“It is not enough for a popular monument to be artistic, like a black charcoal sketch,” Chesterton wrote.

It must be striking; it must be in the highest sense of the word sensational; it must stand for humanity; it must speak for us to the stars; it must declare in the face of all the heavens that when the longest and blackest catalogue has been made of all our crimes and follies there are some things of which we men are not ashamed.[4]

At the turn of the twentieth century, Chesterton was critical of the bent toward hideous, depressing, “realistic” sculpture in his post-Victorian England. He remarked on a genre of statue then in vogue, depicting a philanthropist or politician wearing a cylindrical frock-coat, holding a scroll or garment over his arm, and standing in an oratorical attitude that was affected but not “theatrical” or majestic. From simple observation, its mechanical composition was evident to Chesterton; the builders of this man’s likeness participated in the task without enthusiasm for beauty or dignity. The bodies were assembly-line stock portraits with just a change of the face. These statutes “kicked dust in the face” of the inspiring purpose of a public monument.[5]

How does all of this apply to Memorial Day? Consider the Tomb of the Unknown Soldier at Arlington National Cemetery, the white marble sarcophagus overlooking Washington, DC, dedicated to unidentified US servicemembers who have died in the line of duty. Since April 6, 1948, the Tomb has been guarded for every hour of every day without exception. The reverence with which the sentinels carry out their duties and which they expect from visitors is a “declaration to the stars and in the face of the heavens” such as Chesterton described. It is a beautiful monument, worthy of heroes. The American president and others make a pilgrimage to this site annually to honor the sacrifice of our war dead. As Chesterton observed, this is a monument that proclaims that “of this we are not ashamed.”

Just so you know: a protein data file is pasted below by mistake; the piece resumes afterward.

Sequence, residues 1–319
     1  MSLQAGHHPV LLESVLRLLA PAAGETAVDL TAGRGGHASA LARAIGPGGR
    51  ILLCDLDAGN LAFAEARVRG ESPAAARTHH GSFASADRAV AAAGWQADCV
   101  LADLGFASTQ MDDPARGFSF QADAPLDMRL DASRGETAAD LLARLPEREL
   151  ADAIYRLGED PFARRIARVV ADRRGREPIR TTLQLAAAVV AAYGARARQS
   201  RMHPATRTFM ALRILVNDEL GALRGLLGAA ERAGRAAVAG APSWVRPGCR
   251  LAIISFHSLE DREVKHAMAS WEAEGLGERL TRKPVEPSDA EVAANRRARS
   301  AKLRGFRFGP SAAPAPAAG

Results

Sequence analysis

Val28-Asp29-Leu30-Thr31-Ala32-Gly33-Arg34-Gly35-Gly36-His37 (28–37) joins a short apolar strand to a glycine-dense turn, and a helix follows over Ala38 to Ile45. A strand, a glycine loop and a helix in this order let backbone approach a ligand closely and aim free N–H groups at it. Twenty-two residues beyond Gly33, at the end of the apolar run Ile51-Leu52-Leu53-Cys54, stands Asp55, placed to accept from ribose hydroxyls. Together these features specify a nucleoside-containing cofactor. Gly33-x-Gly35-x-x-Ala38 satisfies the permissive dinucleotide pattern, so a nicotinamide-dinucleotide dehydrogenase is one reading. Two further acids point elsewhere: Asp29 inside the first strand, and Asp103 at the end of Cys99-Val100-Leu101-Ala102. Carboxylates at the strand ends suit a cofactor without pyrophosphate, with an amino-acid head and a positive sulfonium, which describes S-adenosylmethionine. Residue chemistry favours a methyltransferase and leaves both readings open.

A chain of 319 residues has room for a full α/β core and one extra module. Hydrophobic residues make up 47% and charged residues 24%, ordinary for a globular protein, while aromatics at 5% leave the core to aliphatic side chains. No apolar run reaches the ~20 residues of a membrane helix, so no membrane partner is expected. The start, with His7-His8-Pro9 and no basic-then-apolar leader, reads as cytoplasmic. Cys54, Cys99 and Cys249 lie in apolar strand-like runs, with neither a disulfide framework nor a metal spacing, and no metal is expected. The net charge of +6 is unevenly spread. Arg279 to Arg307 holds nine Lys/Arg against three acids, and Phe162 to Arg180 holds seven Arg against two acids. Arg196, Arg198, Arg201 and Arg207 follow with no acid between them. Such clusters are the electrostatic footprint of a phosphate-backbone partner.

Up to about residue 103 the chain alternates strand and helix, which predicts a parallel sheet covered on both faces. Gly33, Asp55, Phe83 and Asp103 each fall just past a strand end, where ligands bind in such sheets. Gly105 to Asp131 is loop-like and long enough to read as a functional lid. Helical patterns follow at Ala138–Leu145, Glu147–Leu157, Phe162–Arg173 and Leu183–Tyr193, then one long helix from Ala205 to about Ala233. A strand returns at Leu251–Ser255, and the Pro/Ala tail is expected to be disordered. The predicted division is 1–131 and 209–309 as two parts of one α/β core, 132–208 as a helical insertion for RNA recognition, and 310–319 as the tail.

But whether Arlington National Cemetery or the public monument in our own town square, the question is whether our screen-dependent public is even noticing our monuments today. Do we pause, stop, and reflect on what a statue represents so that we may pass the cultural inheritance of these monuments to our children?

Finally, we are losing the public aspect of memorializing together, through cultural rituals such as Memorial Day and Veterans Day. We are far more likely to spend the entire day at the beach rather than heading to the beach after a shared ceremony honoring the sacrifice of our parents and grandparents. Public monuments, from Trafalgar Square to Arlington National Cemetery, are appropriately “pompous” venues to soberly celebrate such sacrifice, and we should dedicate a time to contemplate the heroism the monuments reflect.

If we are to redeem Memorial Day in the American mind, visiting public memorials are good places to begin, such as those that are part of the American Battle Monuments Commission, the Marine Corps War Memorial, the Tomb of the Unknown Soldier, or the World War II Memorial.

[1] G.K. Chesterton, “A Defence of Publicity,” The Defendant (London: R. Brimley Johnson, 1901).

[2] Ibid.

[3] Ibid.

[4] Ibid.

[5] Ibid.